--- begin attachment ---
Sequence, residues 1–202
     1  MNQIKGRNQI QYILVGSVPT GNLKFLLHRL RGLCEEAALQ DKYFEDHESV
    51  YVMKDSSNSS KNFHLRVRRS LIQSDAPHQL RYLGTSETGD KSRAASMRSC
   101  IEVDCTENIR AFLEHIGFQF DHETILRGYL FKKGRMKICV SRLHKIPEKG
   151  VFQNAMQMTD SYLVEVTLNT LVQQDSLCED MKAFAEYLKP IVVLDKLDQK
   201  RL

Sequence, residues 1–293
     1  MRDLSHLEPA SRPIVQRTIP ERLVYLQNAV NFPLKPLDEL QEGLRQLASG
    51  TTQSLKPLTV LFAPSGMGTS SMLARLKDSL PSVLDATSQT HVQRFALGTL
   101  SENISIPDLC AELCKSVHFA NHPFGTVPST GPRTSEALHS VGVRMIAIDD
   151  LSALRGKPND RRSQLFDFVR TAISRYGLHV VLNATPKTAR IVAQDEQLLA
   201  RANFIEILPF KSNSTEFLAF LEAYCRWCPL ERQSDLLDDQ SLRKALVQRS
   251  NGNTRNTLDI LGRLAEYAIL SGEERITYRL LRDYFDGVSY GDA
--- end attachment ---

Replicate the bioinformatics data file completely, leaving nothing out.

Sequence, residues 1–202
     1  MNQIKGRNQI QYILVGSVPT GNLKFLLHRL RGLCEEAALQ DKYFEDHESV
    51  YVMKDSSNSS KNFHLRVRRS LIQSDAPHQL RYLGTSETGD KSRAASMRSC
   101  IEVDCTENIR AFLEHIGFQF DHETILRGYL FKKGRMKICV SRLHKIPEKG
   151  VFQNAMQMTD SYLVEVTLNT LVQQDSLCED MKAFAEYLKP IVVLDKLDQK
   201  RL

Sequence, residues 1–293
     1  MRDLSHLEPA SRPIVQRTIP ERLVYLQNAV NFPLKPLDEL QEGLRQLASG
    51  TTQSLKPLTV LFAPSGMGTS SMLARLKDSL PSVLDATSQT HVQRFALGTL
   101  SENISIPDLC AELCKSVHFA NHPFGTVPST GPRTSEALHS VGVRMIAIDD
   151  LSALRGKPND RRSQLFDFVR TAISRYGLHV VLNATPKTAR IVAQDEQLLA
   201  RANFIEILPF KSNSTEFLAF LEAYCRWCPL ERQSDLLDDQ SLRKALVQRS
   251  NGNTRNTLDI LGRLAEYAIL SGEERITYRL LRDYFDGVSY GDA